France’s role in the coalition has become even more vital following President Donald Trump’s announcement in December 2018 of the planned withdrawal of US troops from Syria. When this occurs in 2019, Macron will become commander of the largest Western force in Syria. Although there are no precise numbers of French troops actually present, Turkish media reported in March 2018 that there were 70 French soldiers serving as advisors to the Syrian Democratic Forces (SDF) in northeastern Syria and an estimated 200 special forces operating in the country.10 As the United States withdraws, the SDF and the Kurdish People’s Protection Unit (YGP) will become more vulnerable both to residual Islamic State forces and to Turkish and Turkish-supported Arab Islamists.

Macron’s commitment to the SDF and YPG, therefore, becomes even more critical. France has provided arms and training to the YGP-led militia, which has been an essential partner in the fight against the Islamic State, and in late March 2018, he welcomed a delegation of SDF officials to the Elysée Palace. There he reiterated his commitment to the Kurds by providing French troops to support them, and expressed his hope for an inclusive and balanced leadership in northeastern Syria within the appropriate framework.11 After Trump’s announcement, the Kurds urged France to play a bigger role in Syria.12

Ultimately, the only kind of true economic influence that France and the EU have over Syria is through the sectoral sanctions. These are hardly powerful enough to convince Assad to step aside, but they may persuade him to make smaller compromises.

The French government has also provided
significant humanitarian assistance packages. In April 2018, the Secretary of State to the Minister of Europe, Jean-Baptiste Lemoyne, announced that France’s contribution in 2018-2020 would be over 1 billion euros

(250 million euros in grants and 850 million euros in loans).13 France has also been an active member of the Syria Recovery Trust Fund (SRTF), which provides assistance in projects ranging from water and sanitation to electricity, education, and waste management.14 Over the course of the civil war, France has contributed 20 million euros, making it the second largest donor (after Germany) among the European countries involved.15

Insofar as political outcomes are concerned, Macron’s government has repeatedly stated that it wants a stable and legitimate solution to Syria, with free and fair elections.16 As part of the international community, France agreed to the adoption of the Geneva Communiqué of 2012, thus stipulating that the reconstruction of Syria should be agreed among Syrian factions under the supervision of the United Nations Special Envoy. In a speech in August 2018, Macron told his ambassadors that having President Assad remain in power would be a major mistake but that it was not up to France to appoint the future leaders of Syria. That said, Macron also emphasized that the removal of Assad was not a precondition for sending foreign aid to Syrian society, and that France would continue to do so.17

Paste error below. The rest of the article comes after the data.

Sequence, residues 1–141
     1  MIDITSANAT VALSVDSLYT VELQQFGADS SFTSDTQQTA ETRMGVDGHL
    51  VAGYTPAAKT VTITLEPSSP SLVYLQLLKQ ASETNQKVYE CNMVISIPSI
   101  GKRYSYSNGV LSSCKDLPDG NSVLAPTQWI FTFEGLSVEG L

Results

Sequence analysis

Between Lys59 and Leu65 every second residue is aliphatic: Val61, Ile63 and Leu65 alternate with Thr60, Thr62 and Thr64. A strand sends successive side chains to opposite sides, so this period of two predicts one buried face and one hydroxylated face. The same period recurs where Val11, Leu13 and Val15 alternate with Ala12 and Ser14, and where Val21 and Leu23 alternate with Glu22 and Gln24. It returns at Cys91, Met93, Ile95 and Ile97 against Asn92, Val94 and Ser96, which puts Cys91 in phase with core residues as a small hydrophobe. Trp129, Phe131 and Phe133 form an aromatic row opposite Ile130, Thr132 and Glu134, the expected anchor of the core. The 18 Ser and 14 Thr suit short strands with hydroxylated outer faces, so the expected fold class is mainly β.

Like Israel, France has become increasingly worried about Iranian influence in Syria.18 While Prime Minister Netanyahu and President Macron may not see eye to eye regarding the Joint Comprehensive Plan of Action agreement (JCPOA), Macron has been vocal on Iranian influence in the region and has strongly condemned it. Furthermore, in October 2018, the French government froze the assets of specific Iranian intelligence officials directly linked to a foiled bomb plot in Paris.19 French authorities had reportedly been alerted to suspicious activity by the Mossad and took

Apart from the JCPOA, French and Israeli interests with respect to Iran and the Iranian presence in Syria overlap, and there is room for productive consultation between the two countries.

significant steps against the Iranian regime.20 On the other hand, France, together with Germany, has tried to set up a back channel to maintain trade with Iran and bypass US sanctions.21 This channel may possibly provide France with some leverage over Iranian behavior in Syria.

Although Macron has been vociferously critical of Assad’s leadership, he has also shown that he can work with other leaders involved in the conflict. In July, for example, he met with Russian President

Vladimir Putin to discuss a joint humanitarian aid initiative. This initiative has been seen as a test of the French President’s negotiating skills in dealing with Russia, which has a clear interest in maintaining President Assad in power. After the meeting, France and Russia announced that they had reached a deal to deliver 44 tons of humanitarian cargo to the population of Eastern Ghouta. France gave the Russians a chance to see if they were as committed to the needs of the Syrian civilians. Although the two leaders agreed to send the aid under UN auspices, the UN denied that it was ever involved. Instead, Russian aircraft delivered the cargo into the hands of the Syrian regime, and it cannot be demonstrated that it went to meet the needs of civilians.22 For Macron, this proved that Russia’s priority is maintaining the Syrian regime rather than helping civilians in need.